If you’re new to reading this blog, the high point of summer in the sixth boro shoreside for me is the first day, because it brings the mermaids ashore, a whole series of posts about which you can find here . . .

But back to Lauren Foss, a large oceangoing tug used for large barges.  RORO barge American Trader , 400′ x 105′ qualifies as a large barge, although some of the Crowley container barges are larger as seen here and here.

Click here for the specs on the 8200 hp Lauren Foss.

CCA . . . here’s info on this busy but mostly invisible corporation that dates back to the Reagan era.

Here’s the scoop on McLaren Engineering.

 

The sixth boro is truly the part of NYC that never sleeps.

All photos by Will Van Dorp.

I’ve mentioned Heraclitus before here . . . he’s the guy credited with observing that you never step into the same river twice.  It’s certainly true about going to a the Kills with a camera.  Take Saddleback . . .  never seen it before I thought  . . . although on longer reflection, yes I had here, doing what it’s designed and built for back in 1992 and in the North River back in the winter.  Stern view just looks different than profile.

As my eye followed Saddleback to the east, I noticed this “neck,” and for some instants wondered what was afoot, or afloat at least.

I didn’t have long to wait . . . it was Weeks 526 pushed by Shelby, Norfolk bound as it turns out.

Mr Russell usually stays upriver, but shuffles are sometimes necessary  . . .

I suppose some of this equipment will end up in Boats and Harbors once the TZ project is complete.

Gelberman  . . . at first I thought she was headed here to fuel, and that would have surprised me because I’d never noticed that before, but when the fishing poles came out,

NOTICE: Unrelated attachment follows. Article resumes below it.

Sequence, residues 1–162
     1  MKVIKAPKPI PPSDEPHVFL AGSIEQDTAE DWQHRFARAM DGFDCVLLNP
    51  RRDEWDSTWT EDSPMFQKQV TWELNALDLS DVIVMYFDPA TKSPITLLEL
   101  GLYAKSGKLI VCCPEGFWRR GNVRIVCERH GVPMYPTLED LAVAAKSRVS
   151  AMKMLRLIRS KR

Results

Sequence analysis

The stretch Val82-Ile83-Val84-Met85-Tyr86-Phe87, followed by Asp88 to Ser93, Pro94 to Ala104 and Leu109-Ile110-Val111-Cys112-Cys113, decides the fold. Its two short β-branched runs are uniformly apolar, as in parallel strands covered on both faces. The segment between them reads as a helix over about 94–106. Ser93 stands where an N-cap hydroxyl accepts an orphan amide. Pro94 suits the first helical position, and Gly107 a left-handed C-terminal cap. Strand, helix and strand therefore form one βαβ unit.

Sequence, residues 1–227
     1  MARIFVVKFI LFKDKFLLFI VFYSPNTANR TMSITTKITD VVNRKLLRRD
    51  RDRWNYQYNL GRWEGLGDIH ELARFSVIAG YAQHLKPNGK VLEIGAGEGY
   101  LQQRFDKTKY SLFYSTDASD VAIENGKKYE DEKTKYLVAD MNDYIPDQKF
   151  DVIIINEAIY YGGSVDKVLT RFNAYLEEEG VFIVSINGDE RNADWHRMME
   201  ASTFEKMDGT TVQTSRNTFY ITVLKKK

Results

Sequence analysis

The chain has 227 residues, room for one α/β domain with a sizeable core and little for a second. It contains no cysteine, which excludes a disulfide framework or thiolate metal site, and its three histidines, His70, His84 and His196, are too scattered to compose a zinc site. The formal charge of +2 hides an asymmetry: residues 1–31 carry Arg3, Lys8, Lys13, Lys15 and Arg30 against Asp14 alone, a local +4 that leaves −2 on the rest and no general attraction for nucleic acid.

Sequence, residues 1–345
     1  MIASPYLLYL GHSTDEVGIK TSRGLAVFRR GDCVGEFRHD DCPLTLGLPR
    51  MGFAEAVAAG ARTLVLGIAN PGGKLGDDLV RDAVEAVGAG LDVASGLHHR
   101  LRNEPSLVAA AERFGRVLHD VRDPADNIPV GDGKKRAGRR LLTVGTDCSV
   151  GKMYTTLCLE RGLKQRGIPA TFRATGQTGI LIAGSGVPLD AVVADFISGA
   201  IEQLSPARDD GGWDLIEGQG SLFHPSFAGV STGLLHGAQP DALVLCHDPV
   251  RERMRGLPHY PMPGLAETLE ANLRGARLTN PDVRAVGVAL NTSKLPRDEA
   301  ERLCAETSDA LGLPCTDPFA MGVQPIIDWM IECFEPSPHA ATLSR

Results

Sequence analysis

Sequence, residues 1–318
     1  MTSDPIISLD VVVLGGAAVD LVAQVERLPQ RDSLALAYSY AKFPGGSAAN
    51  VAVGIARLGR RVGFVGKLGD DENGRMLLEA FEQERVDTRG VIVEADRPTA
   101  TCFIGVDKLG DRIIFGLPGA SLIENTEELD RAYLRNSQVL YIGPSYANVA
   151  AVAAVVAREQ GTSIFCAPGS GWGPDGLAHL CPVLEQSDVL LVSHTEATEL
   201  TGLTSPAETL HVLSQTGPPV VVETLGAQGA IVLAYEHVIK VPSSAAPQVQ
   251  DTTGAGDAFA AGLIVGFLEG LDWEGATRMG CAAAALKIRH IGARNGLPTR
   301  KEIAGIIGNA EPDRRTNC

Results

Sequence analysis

I realized they had a different objective, one

that boats like this benefit greatly from.

I’ll end this foot-in-the-water with Gabby, pushing a small barge with reinforcing forms.

 

More soon.  All photos by Will Van Dorp.

And finally . . . a research request:  a friend is looking for photos of McAllister workboat M. L. Edwards.  Birk writes about it here, and Bob Mattsson includes this photo

of it here.

 

From midday . .  til dusk.  Here between Morris Canal and Battery Park City, Gabby heads south.

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Mister T mightily pulls six scows here between

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the Williamsburg and the Manhattan Bridges.

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Near midtown on the East River, there’s an eastbound unit and a westbound one.

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Westbound, it’s Cheyenne moving crushed cars, and

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and–eastbound– Captain Zeke with petro product.  By the way, Captain Zeke was moving faster than the uncrushed cars on the highway in the distance, probably because of some unintentional crushing that had happened.